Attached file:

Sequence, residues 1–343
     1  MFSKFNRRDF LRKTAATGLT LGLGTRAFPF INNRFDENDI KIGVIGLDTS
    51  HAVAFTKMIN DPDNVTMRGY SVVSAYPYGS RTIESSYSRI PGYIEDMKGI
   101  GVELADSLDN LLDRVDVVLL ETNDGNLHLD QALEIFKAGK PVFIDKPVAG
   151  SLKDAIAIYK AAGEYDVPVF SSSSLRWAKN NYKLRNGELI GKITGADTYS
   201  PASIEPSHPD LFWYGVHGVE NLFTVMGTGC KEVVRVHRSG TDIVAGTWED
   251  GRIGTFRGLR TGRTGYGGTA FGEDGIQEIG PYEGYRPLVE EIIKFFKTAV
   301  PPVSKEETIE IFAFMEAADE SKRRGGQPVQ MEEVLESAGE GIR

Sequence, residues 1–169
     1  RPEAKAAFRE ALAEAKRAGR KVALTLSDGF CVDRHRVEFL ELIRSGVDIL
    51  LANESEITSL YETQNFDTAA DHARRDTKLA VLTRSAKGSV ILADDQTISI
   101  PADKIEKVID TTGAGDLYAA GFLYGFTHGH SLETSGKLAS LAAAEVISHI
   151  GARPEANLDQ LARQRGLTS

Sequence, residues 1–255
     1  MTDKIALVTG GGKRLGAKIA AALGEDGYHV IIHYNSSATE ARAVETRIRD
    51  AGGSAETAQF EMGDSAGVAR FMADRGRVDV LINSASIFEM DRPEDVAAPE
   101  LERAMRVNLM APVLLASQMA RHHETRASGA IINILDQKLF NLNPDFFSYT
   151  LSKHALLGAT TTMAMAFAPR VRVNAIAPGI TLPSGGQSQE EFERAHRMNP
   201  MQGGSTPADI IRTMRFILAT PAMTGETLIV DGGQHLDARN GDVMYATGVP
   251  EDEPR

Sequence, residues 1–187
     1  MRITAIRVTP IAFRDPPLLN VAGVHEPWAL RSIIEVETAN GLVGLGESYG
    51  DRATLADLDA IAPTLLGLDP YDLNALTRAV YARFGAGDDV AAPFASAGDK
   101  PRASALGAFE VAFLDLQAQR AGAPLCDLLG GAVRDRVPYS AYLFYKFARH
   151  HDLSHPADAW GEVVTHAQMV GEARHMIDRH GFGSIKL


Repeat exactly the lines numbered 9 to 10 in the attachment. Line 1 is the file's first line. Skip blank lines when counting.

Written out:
Sequence, residues 1–169
     1  RPEAKAAFRE ALAEAKRAGR KVALTLSDGF CVDRHRVEFL ELIRSGVDIL